4. Liam Cullinane 'A happy blend?' Irish republicanism, political violence and social agitation, 1962-69'
My first published scholarly article. For that reason I can't really comment on its quality. It basically argues against the idea that the IRA by 1969 was moribund or had given up on the idea of the armed struggle, contains more information on social agitation carried out by the republican movement in this period and places the tactics of the IRA within an international context. It also argues against Goulding's leadership as being largely a failure and demonstrates how the IRA grew under his leadership (albeit slowly) and greatly increased its public profile.
Essay: Michael Pierse 'The Shadow of Seán: O'Casey, commitment and writing Dublin's working class'
A great Gramscian analysis of Seán O'Casey and other Dublin working-class writers. Pierse basically argues that O'Casey and other writers like Roddy Doyle and Brendan Behan were responding to an Irish Hegemonic cultural discourse focused on a mythical classless rural Ireland that excluded and marginalised the working-class. As such their writing can be described as counter-hegomonic in terms of consciously writing as part of an urban counter-culture. The essay also looks at O'Casey in relation to gender, class, institutional criticism and religion and, unlike other commmentary on O'Casey, doesn't just focus on the Dublin trilogy. This essay for me was the highlight of the issue and I will be keeping a close eye out for a cheap copy of Pierse's book which is currently selling for 50 pounds sterling on Amazon.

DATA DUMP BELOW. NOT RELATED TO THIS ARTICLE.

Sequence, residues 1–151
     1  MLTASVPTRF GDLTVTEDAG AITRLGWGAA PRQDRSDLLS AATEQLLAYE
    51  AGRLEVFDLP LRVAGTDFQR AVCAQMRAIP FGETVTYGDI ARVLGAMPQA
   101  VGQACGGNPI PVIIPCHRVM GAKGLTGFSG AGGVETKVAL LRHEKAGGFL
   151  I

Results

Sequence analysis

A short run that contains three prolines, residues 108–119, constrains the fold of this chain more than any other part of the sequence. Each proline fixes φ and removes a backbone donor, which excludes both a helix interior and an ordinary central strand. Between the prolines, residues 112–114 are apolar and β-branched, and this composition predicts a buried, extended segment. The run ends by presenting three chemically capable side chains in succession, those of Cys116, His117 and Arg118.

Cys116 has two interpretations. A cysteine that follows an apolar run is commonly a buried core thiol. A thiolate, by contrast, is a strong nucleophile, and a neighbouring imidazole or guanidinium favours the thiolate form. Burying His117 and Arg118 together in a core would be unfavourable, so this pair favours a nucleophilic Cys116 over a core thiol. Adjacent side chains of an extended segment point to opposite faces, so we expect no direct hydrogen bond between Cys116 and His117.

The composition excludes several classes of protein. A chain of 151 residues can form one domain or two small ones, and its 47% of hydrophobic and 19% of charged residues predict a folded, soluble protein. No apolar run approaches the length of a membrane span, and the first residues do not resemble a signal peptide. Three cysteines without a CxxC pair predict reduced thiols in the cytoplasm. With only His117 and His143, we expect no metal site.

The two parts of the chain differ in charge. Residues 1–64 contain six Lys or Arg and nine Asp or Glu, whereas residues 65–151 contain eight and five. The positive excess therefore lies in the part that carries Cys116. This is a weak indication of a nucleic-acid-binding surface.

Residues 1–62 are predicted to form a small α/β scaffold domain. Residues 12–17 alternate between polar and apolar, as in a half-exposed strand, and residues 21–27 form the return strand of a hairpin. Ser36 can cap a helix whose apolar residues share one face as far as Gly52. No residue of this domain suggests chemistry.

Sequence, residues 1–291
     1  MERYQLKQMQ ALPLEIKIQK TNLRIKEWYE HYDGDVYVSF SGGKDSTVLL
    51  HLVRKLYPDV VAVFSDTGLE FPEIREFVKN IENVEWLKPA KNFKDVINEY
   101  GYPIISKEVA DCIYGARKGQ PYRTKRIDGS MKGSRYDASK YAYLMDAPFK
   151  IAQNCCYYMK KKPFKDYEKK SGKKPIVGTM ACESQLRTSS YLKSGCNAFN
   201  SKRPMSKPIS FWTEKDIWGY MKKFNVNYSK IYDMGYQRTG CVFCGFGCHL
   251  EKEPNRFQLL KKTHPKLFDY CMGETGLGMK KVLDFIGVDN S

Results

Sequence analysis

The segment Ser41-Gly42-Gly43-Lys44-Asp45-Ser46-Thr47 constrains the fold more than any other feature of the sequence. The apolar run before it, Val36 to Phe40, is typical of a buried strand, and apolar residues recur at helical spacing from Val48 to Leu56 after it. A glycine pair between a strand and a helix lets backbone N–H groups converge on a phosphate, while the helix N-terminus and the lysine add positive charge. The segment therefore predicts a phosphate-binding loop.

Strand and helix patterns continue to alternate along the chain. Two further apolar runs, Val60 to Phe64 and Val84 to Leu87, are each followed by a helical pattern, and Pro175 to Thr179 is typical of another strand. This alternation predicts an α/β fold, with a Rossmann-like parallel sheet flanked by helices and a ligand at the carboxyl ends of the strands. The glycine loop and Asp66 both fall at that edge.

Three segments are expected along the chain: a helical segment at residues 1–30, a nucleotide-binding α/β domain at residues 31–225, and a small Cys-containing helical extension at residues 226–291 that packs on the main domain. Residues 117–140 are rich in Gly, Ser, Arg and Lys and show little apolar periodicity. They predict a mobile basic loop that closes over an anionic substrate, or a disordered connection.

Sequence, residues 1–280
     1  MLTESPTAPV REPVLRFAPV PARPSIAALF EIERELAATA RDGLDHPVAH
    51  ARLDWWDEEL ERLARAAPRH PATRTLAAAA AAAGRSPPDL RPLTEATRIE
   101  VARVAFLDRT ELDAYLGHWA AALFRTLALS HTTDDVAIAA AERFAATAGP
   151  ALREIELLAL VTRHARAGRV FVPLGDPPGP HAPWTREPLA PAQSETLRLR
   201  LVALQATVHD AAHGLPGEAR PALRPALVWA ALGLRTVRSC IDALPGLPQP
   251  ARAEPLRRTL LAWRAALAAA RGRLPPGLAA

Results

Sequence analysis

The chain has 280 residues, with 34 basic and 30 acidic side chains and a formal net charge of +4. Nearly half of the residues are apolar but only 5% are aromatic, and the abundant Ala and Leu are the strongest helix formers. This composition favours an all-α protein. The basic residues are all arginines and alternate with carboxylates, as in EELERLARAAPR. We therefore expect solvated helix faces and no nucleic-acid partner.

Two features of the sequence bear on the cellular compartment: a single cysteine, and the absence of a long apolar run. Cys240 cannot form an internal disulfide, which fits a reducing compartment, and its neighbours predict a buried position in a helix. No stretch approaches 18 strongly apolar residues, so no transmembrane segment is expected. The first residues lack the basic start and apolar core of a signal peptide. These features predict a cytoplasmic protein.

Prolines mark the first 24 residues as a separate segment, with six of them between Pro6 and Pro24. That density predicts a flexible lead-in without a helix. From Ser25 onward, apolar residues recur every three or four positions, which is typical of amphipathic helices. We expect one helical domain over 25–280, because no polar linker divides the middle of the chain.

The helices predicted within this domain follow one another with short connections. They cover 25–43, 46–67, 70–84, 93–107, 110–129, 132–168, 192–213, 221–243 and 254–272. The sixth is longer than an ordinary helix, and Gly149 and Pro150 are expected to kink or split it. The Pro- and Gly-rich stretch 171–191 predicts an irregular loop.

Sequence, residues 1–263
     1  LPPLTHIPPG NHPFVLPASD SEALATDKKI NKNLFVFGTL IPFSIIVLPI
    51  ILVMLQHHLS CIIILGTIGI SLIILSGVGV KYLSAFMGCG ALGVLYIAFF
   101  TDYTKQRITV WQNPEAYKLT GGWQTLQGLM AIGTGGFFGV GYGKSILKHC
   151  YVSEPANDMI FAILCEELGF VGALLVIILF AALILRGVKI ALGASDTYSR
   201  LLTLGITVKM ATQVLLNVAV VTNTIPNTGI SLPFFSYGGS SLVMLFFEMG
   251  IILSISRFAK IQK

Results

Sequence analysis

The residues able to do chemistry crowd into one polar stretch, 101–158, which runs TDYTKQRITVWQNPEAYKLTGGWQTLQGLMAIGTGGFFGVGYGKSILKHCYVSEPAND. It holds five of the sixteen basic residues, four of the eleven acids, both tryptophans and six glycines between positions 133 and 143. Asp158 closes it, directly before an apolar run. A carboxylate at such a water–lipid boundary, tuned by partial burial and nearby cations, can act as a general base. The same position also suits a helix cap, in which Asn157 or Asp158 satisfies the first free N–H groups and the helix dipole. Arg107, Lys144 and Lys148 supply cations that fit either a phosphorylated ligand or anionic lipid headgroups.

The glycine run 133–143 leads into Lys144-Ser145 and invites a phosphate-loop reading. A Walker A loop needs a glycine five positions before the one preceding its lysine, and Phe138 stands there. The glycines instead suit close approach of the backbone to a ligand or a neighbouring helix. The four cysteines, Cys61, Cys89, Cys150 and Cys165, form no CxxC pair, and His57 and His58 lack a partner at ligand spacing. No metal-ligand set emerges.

There are also obituaries of John B. Smethurst, Justin Keating and Pat Murphy, a biographical note on James Pringle and reviews of:
Francis Devine, Fintan Lane and Niamh Purséil (eds) Essays in Irish Labour History: A Feitschrift for Elizabeth and John W. Boyle
Francis Devine Organising the Union: A Centenary of SIPTU, 1909-2009
John Cunningham, Unlikely Radicals: Irish Post-Primary Teachers and the ASTI, 1909-2009
Fergus Campbell, The Irish Establishment, 1879-1914
Conor Reidy, Ireland's Moral Hospital: The Irish Borstal System 1906-1956
Fintan Lane and Andrew G. Newby (eds) Michael Davitt: New Perspectives
Martin Maguire, Scientific Service: A History of the Union of Professional and Technical Civil Servants, 1920-1990
Fintan Lane (ed.), Politics, Society and the Middle-Class in Modern Ireland
Fearghal McGarry, The Rising - Ireland: Easter 1916
Saothar: Back Issues
It's also good to see that the ILHS has a new website under construction, though the old one was not without it's late 90s charm. It goes without saying that if you have an interest in social history then you should join the ILHS by filling out an application.